09 29 2016
  11:38 pm  
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Two of the five African American teenagers arrested in connection with the June 9 Prescott Station MAX assault will be tried as adults.
Angela Dow and Ti'yana Clay, both 15, were indicted by a grand jury on second-degree robbery charges – Measure 11 crimes that can only be tried in adult court.
The two are also facing charges of third-degree assault, second-degree assault, interfering with public transportation, recklessly endangering another person and first-degree intimidation. They pleaded not guilty.
Four of the teens were arrested shortly after an altercation took place between them and a 28-year-old White woman from Vancouver. The woman allegedly tried to intervene as the teens were harassing an older woman, who had asked them to "tone down their act," according to news reports.
News reports said the alleged victim told the teenagers, "I don't care what color you are, if I want you out of my face, I'd tell you to get out of my face."
The woman told police the teens then started punching her and one of them stole her purse, while yelling racial epithets. The fifth teen was arrested after he allegedly robbed another teen at gunpoint several days later.
The three teens not named are all under the age of 15 and will have their cases referred to juvenile court. Oregon law says that anyone over the age of 15 who is indicted on a Measure 11 crime is automatically referred to adult court.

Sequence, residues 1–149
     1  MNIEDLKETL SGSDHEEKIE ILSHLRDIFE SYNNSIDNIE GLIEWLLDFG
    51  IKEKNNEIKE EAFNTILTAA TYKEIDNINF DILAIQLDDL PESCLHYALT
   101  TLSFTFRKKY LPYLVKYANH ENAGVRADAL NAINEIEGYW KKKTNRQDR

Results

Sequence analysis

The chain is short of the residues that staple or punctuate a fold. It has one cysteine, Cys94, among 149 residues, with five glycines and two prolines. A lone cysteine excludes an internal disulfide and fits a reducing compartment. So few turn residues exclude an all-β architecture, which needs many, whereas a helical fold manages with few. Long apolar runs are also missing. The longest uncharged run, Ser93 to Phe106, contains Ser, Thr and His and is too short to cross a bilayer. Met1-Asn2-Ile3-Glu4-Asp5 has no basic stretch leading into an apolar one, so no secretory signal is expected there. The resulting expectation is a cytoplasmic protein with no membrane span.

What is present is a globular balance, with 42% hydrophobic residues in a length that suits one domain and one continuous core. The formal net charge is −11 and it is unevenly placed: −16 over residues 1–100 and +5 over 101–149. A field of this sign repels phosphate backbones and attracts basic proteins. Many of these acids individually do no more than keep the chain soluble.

Prosecutor John Copic said grand jurors had several charges amongst which to choose. If the pair is convicted, they face a mandatory minimum of 70 months behind bars. Copic said a plea deal would be up to the defendants, who do not yet have lawyers. He said their treatment is not unusual.
"Everyone gets treated the same way," he said.
In the event of a plea bargain, a Measure 11 committee would determine an appropriate sentence based on the crime, a defendant's criminal history, education, age and other factors.
The district attorney's office will also talk with the victim, whose name has not been released, who Copic says is "not a vindictive person," based, he said, upon his interviews.
The next hearing for the teens is scheduled for July 31.

Crime on TriMet
Despite the fear that riding MAX or bus is getting unsafe, crime reports involving TriMet indicate the light rail system is actually safer than it was a year ago.
From January through April of 2007, there were a total of 20 aggravated assaults; the same period during 2008 saw 12 – equal to .0131 assaults per 100,000 rides.
Sensationalistic crime coverage also seems to bring out the worst in people – at least on the Internet. Although a few people spent time to actually ruminate about the reasons and solutions to crime, news blogs are full of finger pointing, thinly disguised racism and "shoot first, ask questions later" mentality. Not to mention poor spelling and grammar.
"Grandpaw45" posted on the Portland Tribune's website: "its time we arm ourselves and take back this city from the idiots.any law abididng person can get a cwp. we don't have to give this city to the little idiots …"
Some others put the blame on fellow passengers: "While the harrassment an the assault were taking place, why were the other riders looking the other way? A max train full of cowards" wrote Adamz from the same site.

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